Research into a vaccine for Alzheimer's disease, which was stopped early on safety grounds, is to be resurrected.
It was designed to reverse the disease's progression by clearing the beta amyloid protein that causes the disease.
But the trial was halted in 2002 when 6% of patients in the second phase of the study developed brain inflammation.
Southampton University researchers are to reassess 80 patients who took part in the initial phase of the study.
They will look at whether features of the disease such as memory loss have been halted or reversed.
The vaccine, known as AN-1792, contains a synthetic form of beta amyloid protein.
It acts by stimulating an immune response to the protein.
Preliminary results from the trial showed the vaccine did clear the amyloid protein from the brain.
Vaccine 'realistic prospect'
James Nicoll, professor of neuropathology at Southampton University Hospitals NHS Trust, who is leading the research, said: "This study offers us a unique insight into whether immunisation against Alzheimer's is an effective solution to this devastating disease.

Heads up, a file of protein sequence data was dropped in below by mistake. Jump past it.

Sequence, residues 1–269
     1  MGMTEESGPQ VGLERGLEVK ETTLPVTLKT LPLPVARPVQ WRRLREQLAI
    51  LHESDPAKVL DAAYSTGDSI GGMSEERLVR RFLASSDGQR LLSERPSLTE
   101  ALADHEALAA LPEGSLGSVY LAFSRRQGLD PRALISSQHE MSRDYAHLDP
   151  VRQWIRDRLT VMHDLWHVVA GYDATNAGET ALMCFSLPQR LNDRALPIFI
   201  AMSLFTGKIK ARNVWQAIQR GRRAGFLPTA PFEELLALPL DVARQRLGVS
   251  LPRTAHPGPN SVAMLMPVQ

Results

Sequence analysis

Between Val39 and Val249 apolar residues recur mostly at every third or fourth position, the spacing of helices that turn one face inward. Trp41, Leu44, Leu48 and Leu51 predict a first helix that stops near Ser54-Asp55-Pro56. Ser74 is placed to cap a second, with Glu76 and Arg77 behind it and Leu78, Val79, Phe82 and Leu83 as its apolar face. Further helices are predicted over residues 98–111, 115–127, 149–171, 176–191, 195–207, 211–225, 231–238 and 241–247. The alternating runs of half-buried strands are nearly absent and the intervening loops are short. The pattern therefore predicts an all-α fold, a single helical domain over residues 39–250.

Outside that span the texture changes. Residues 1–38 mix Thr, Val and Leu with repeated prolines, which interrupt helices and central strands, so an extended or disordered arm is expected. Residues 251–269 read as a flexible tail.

"We know that vaccination can reverse the processes of Alzheimer's to some degree - our challenge is to understand these processes better and translate them into real benefits for patients."
Rebecca Wood, Chief Executive of the Alzheimer's Research Trust, said: "The prospect of a vaccine to protect against Alzheimer's is a realistic one because it is a disease, and not a normal part of ageing.
"Immunisation is an exciting area and we are delighted to be funding this groundbreaking study."
Clive Ballard, director of research at the Alzheimer's Society, said: "There are 25 million people worldwide with Alzheimer's disease and 100 000 people are diagnosed in the UK each year.
"This clearly highlights the urgent need to develop new ways of defeating dementia.
"The vaccine is one of the most exciting treatments for Alzheimer's and we are very please to see ongoing funding in the UK as part of a international effort to develop a vaccine for Alzheimer's disease."